Pursuant to the Patent Trial and Appeal Board Order issued November 29, 2021, Junior Party the University of California, Berkeley; the University of Vienna; and Emmanuelle Charpentier (collectively, "CVC") on December 17, 2021 filed its Responsive Preliminary Motion No. 1 in Interference No. 106,132 (which names Sigma-Aldrich as Senior Party), asking the Board for benefit of priority to U.S. Provisional Application No. 61/652,086, filed May 25, 2012 ("P1"), or in the alternative either U.S. Provisional Application No. 61/716,256, filed October 19, 2012 ("P2"); U.S. Provisional Application No. 61/757,640, filed January 28, 2013 ("P3"); U.S. Application No. 13/842,859, filed March 15, 2013; U.S. Application No. 14/685,504, filed April 13, 2015; or U.S. Application No. 15/138,604, filed April 26, 2016, pursuant to 37 C.F.R. ۤۤ 41.121(a)(1)(ii) and 41.208(a)(3) and Standing Order ۦ 208.4.1, contingent on the Board granting Sigma-Aldrich's Substantive Preliminary Motion No. 1 to Substitute the Count.

        • Patent Docs: Sen. Tillis Asks ACUS to Conduct Study on Creation of U.S. IP Office

          Last month, Sen. Thom Tillis (R-NC), the Ranking Member of the Subcommittee on Intellectual Property of the Senate Committee of the Judiciary, wrote to the Administrative Conference of the United States (ACUS) to request that the agency "conduct a study on whether Congress should create a unified, stand-alone, and independent Intellectual Property Office." ACUS is an independent agency of the U.S. government, which was established in 1964 by the Administrative Conference Act, and which conducts research and issues reports concerning various aspects of the administrative process and, when warranted, makes recommendations to the President, Congress, particular departments and agencies, and the judiciary concerning the need for procedural reforms.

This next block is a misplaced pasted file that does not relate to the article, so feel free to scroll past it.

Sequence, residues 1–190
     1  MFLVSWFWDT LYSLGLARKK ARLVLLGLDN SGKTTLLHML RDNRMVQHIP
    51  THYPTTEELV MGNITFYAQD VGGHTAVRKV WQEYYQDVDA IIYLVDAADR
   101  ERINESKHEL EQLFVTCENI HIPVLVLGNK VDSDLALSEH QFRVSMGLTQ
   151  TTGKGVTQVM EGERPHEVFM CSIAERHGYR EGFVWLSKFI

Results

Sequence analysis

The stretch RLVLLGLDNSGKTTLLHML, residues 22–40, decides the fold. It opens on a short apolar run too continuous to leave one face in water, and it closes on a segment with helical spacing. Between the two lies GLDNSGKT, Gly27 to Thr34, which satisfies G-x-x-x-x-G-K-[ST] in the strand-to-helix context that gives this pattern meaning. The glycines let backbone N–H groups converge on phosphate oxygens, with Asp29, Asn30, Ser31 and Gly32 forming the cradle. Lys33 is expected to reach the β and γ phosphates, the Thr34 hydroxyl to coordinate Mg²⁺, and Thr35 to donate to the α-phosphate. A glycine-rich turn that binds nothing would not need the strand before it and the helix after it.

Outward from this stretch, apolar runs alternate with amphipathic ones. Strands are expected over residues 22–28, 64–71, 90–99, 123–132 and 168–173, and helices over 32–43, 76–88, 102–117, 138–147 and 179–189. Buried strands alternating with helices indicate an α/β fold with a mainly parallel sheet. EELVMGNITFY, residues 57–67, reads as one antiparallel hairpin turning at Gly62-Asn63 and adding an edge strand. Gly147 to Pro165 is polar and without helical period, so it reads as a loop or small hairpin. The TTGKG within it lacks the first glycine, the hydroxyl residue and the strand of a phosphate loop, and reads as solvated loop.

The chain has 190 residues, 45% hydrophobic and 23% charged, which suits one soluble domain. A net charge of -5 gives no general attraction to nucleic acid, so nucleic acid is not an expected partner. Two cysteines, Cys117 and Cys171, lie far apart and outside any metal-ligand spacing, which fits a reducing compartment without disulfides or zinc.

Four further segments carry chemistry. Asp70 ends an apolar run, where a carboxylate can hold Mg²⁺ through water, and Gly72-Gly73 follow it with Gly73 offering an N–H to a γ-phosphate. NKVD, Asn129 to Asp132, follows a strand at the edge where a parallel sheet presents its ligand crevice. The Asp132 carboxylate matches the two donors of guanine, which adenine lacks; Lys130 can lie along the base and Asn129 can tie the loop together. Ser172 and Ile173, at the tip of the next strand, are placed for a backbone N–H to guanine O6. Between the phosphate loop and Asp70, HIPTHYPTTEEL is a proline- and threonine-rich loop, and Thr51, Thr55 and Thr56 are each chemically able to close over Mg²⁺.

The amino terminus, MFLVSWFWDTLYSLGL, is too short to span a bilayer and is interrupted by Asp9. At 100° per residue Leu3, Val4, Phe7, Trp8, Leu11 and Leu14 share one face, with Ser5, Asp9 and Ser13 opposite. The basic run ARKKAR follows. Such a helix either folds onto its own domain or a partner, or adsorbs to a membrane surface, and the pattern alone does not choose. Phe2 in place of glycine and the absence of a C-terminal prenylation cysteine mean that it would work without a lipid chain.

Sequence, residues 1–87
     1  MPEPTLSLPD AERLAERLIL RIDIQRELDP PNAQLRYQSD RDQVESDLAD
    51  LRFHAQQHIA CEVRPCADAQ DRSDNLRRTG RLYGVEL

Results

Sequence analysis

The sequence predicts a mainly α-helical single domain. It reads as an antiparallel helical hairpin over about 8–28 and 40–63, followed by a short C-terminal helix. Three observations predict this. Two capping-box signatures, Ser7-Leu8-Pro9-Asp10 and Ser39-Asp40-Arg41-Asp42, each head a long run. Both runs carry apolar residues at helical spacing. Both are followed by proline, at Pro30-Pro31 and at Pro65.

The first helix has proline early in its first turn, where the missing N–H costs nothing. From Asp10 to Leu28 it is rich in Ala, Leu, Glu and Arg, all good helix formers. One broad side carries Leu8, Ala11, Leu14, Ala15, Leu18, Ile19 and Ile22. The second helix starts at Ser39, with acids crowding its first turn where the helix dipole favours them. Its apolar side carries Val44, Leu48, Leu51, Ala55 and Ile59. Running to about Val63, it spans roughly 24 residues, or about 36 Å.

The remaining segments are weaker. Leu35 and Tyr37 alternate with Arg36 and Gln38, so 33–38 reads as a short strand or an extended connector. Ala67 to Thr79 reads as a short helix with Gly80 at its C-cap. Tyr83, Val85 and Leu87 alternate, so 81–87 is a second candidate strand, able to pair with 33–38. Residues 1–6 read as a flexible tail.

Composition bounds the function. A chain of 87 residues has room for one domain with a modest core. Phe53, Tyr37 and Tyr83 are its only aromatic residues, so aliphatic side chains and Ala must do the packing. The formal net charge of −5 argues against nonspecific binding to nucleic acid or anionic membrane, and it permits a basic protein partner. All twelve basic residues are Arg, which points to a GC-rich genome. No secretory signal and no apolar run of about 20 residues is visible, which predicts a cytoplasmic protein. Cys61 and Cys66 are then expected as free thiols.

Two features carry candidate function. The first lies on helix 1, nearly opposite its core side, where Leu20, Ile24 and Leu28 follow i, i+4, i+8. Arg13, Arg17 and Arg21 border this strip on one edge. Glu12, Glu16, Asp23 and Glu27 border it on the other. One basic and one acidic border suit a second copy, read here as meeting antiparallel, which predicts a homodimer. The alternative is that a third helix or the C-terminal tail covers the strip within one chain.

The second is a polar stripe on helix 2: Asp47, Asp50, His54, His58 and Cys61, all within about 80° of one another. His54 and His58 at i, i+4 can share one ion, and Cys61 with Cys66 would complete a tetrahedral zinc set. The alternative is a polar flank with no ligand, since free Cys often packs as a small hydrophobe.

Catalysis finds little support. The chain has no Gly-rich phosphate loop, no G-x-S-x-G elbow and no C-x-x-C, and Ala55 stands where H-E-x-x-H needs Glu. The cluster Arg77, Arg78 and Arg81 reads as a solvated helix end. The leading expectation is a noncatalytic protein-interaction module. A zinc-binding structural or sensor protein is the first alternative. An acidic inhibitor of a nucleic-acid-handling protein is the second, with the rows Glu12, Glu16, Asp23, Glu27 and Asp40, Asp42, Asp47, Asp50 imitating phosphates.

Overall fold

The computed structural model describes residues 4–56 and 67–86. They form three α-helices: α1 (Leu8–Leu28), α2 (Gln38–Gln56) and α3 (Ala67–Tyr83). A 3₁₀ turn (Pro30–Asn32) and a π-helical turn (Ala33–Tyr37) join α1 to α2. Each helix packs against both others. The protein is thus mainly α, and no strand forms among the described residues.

Stating that "[t]he current fractured approach to intellectual property (IP) in the federal government, with multiple IP functions housed in different agencies, leads to conflicting policy agendas and unnecessary bureaucracy," Sen. Tillis (above right) noted that he was exploring the possibility of creating an independent agency that would unite the U.S. Patent and Trademark Office (USPTO) and the U.S. Copyright Office (USCO), and perhaps also the Intellectual Property Enforcement Coordinator and other relevant IP functions located in other agencies. The Senator indicated that he believed that "a single, Senate-confirmed, presidentially appointed Director should lead such an office and that it should have, at a minimum, separate Commissioners for Patent, Trademark, Copyright, and Policy Coordination that would report to the Director." Before pursuing legislation to create a single agency, however, Sen. Tillis suggested that ACUS should contract with the USPTO and USCO to study the issue.

        • Tillis Floats Idea To Consolidate USPTO, Copyright Office [Ed: Tillis has long been the mole or the "Manchin" of patent and copyright fanatics, in effect helping them ram policies that harm the public; but media in the pockets of those same fanatics won't describe him as such]

          The top Republican on the U.S. Senate Subcommittee on Intellectual Property says there's too much "unnecessary bureaucracy" in the federal government's approach to patents, trademarks and copyright law and wants a study done on how to combine the agencies to create a "one stop shop."

          In a letter dated Jan. 26, Sen. Thom Tillis, R-N.C., asked the Administrative Conference of the United States to launch an investigation into "whether Congress should create a unified, stand-alone and independent Intellectual Property Office." The ACUS is an independent federal agency that makes process recommendations to the government.

        • PCT Direct Procedure - Opportunity To Comment On International Application [Ed: EPO is not for Europe but for multinationals and oligarchs; PCT a reminder of this]

          If a new PCT application fulfils both of these criteria, the Applicant may file a “PCT Direct letter” providing informal comments with the application. The Search Examiner is obliged to consider those comments when preparing the International Search Report and the Written Opinion on patentability.

        • UPC: Is it finally here? [Ed: No, UPC is not legal and these loaded headlines are their fake news lobbying strategy]